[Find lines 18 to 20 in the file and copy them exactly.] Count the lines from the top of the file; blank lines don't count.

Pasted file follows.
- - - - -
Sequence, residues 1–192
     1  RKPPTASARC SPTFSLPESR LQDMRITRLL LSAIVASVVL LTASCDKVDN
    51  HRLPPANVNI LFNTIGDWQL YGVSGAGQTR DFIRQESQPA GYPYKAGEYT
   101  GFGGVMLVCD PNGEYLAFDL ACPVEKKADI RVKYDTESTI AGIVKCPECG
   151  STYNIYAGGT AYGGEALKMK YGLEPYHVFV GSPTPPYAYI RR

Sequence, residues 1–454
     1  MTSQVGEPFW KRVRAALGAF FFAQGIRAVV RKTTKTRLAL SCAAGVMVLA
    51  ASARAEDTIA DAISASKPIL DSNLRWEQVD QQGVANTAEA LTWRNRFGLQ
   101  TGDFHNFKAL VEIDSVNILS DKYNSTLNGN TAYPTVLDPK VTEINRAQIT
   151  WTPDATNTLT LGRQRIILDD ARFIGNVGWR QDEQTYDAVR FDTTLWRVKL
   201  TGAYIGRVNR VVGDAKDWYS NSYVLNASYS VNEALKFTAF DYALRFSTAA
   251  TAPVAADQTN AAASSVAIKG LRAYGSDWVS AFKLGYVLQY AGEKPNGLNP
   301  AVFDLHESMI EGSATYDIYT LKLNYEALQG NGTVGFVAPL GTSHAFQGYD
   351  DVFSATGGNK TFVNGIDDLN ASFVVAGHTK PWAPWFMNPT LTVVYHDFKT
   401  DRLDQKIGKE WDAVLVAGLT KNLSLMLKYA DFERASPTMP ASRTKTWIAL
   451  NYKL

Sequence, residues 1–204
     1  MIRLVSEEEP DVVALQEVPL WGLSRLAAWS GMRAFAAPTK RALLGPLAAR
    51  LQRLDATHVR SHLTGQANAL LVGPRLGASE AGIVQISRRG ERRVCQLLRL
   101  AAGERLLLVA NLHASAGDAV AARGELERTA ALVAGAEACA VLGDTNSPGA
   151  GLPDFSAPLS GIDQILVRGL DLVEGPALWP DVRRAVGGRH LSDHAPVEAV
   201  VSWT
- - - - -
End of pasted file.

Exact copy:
     1  MIRLVSEEEP DVVALQEVPL WGLSRLAAWS GMRAFAAPTK RALLGPLAAR
    51  LQRLDATHVR SHLTGQANAL LVGPRLGASE AGIVQISRRG ERRVCQLLRL
   101  AAGERLLLVA NLHASAGDAV AARGELERTA ALVAGAEACA VLGDTNSPGA